The Bronx Is New York City’s Only Borough Without A Bookstore. Meet The Woman Who’s Going To Change That.

“I canceled my life plans and decided to be the change I want to see in The Bronx.”

Sometimes you must read between the lines to reveal your truth.

Noëlle Santos did just that when it became clear that her beloved New York City borough, The Bronx, had no bookstores. What she did next was life-changing.

"Two years ago, I was outraged when I realized my borough of 42.7 square miles, over 1.4 million people, and 10 colleges, only had one bookstore — an inaccessible Barnes & Noble that has since closed its doors, leaving us with not one," Santos told A Plus. "I canceled my life plans and decided to be the change I want to see in The Bronx."

From her passion came her concept for The Lit. Bar, a bookstore and wine bar for sophisticated readers, for which Santos recently launched a crowdfunding campaign via Indiegogo to help open it in the borough she calls home.


Photo Courtesy of Noëlle Santos

"My ultimate goal is to spread book culture in The Bronx," she explained. "Beyond that, I aim to fight against the negative stigmas attached to my borough and secure the investments my thriving community deserves — even if that means we have to do it ourselves. I hope to inspire other local entrepreneurs to no longer measure our success by how far we can get away from here, but stay and build businesses that are for us and by us."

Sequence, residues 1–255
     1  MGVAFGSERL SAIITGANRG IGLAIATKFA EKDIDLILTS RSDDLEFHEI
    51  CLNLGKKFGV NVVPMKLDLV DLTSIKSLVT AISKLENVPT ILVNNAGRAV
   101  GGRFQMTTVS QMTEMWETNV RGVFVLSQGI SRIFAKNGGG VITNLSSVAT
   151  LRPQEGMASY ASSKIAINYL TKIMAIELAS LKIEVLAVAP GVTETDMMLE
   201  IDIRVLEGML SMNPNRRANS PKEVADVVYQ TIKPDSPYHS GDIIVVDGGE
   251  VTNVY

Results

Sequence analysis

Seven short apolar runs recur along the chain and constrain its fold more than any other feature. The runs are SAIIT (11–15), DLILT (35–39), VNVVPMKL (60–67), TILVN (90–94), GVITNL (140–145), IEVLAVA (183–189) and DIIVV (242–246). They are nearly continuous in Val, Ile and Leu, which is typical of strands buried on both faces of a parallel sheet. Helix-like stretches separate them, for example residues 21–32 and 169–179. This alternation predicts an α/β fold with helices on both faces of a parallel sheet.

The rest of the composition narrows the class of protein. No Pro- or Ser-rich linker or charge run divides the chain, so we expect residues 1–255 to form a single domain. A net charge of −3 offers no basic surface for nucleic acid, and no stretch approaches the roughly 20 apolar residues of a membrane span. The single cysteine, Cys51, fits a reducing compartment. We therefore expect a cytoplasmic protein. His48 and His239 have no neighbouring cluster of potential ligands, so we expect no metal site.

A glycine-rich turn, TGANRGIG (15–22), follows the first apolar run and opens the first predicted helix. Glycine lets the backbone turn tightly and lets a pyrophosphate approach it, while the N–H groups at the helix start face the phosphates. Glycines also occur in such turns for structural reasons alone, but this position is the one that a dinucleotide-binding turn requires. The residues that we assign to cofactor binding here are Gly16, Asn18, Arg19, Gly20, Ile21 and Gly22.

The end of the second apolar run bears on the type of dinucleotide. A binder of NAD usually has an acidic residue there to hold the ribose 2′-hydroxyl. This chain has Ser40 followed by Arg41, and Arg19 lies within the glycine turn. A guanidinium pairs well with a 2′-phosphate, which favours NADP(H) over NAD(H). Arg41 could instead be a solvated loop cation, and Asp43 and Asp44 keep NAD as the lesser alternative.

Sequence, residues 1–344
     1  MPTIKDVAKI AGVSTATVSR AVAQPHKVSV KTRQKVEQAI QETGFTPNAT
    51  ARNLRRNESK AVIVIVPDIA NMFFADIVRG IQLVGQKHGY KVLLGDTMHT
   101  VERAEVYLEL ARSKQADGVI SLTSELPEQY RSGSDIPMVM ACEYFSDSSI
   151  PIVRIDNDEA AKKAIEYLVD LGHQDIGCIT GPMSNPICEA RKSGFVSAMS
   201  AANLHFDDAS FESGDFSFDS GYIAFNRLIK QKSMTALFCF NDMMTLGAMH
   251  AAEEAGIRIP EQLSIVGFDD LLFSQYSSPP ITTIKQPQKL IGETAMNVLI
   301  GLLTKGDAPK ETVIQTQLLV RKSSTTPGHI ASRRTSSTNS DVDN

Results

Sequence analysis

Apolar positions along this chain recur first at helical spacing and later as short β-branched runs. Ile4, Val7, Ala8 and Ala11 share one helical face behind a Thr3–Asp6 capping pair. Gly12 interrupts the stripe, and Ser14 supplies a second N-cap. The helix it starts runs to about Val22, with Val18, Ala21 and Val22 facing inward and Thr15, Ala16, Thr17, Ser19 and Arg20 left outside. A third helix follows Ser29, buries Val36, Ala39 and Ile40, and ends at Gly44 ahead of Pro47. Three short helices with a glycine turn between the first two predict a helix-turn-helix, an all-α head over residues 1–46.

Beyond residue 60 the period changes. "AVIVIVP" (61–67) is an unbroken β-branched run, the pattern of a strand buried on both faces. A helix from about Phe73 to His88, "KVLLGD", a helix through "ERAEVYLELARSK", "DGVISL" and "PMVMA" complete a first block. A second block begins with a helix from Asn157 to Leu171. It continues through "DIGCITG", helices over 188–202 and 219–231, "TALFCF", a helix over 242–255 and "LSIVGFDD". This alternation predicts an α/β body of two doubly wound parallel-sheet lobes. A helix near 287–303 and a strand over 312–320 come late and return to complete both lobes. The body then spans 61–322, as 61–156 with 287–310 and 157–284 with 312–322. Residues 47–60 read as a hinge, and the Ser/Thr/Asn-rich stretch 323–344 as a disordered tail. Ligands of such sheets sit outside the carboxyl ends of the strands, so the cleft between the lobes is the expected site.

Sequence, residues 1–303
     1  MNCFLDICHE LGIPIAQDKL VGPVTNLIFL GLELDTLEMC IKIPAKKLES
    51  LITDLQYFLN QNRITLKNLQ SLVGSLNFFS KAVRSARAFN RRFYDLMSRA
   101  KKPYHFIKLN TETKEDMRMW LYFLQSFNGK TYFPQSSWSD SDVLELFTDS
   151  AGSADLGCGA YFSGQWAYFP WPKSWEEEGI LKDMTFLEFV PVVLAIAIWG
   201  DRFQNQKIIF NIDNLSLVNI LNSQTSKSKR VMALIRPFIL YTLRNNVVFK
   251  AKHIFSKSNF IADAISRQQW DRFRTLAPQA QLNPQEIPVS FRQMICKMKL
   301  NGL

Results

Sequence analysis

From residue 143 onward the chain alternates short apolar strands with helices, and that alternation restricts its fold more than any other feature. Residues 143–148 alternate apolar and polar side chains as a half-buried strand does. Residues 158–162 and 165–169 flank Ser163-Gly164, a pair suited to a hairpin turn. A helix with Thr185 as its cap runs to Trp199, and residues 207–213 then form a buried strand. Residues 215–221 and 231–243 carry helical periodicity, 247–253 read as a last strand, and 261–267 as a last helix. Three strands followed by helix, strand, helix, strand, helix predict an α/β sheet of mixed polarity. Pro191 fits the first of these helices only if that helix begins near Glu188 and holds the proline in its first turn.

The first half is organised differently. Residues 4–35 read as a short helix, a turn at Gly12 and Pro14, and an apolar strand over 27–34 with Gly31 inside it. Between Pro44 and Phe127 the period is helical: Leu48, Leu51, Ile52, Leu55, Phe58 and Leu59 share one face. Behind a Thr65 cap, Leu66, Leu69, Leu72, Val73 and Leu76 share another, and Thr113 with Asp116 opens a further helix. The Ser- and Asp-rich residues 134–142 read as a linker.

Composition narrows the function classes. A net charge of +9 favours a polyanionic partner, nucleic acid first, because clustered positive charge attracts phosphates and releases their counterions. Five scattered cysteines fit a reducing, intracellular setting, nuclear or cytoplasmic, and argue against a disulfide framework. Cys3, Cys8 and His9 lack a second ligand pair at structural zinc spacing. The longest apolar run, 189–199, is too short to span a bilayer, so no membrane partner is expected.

While Santos' business would cater to a more mature reader, she does not want to leave little bookworms out.

"The Lit. Bar has been redesigned to be a family space during the daytime and weekends, and my once sexy literary plans will now be reserved for evenings and special events," the Afro-Latina said.

Santos is on the path to not only bring a bookstore back to The Bronx but to reenergize a community of color that can use literature to learn more about its history.

"I'm not an expert on urban education, but from my experience as a reader from the 'hood, people of color especially need this access to learn the history stolen from us and not told in our school curriculum," she insisted. "I credit reading to making up for some of my lost identity.

"In my community in particular, books offer a form of escapism from our harsh environments, and gives insight into the lives of others and what is possible for ourselves," Santos continued. "Books gave me empathy for those unlike me, showed me professions I never knew existed, and empowered me to feel equal to other races outside of my environment."  

Check Out More Noëlle and The Lit. Bar:

And for more on bookstores, check out this spot in Egypt:


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